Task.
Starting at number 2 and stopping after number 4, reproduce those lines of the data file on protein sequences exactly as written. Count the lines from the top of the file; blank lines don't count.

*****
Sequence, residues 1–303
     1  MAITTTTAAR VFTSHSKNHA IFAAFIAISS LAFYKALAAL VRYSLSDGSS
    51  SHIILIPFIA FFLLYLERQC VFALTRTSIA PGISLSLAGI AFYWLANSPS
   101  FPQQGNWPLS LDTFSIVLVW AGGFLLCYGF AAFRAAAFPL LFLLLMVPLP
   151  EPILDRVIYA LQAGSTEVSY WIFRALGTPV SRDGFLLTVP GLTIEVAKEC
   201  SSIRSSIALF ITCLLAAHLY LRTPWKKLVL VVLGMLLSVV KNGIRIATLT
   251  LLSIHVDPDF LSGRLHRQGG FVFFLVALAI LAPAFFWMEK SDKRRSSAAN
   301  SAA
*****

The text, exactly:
     1  MAITTTTAAR VFTSHSKNHA IFAAFIAISS LAFYKALAAL VRYSLSDGSS
    51  SHIILIPFIA FFLLYLERQC VFALTRTSIA PGISLSLAGI AFYWLANSPS
   101  FPQQGNWPLS LDTFSIVLVW AGGFLLCYGF AAFRAAAFPL LFLLLMVPLP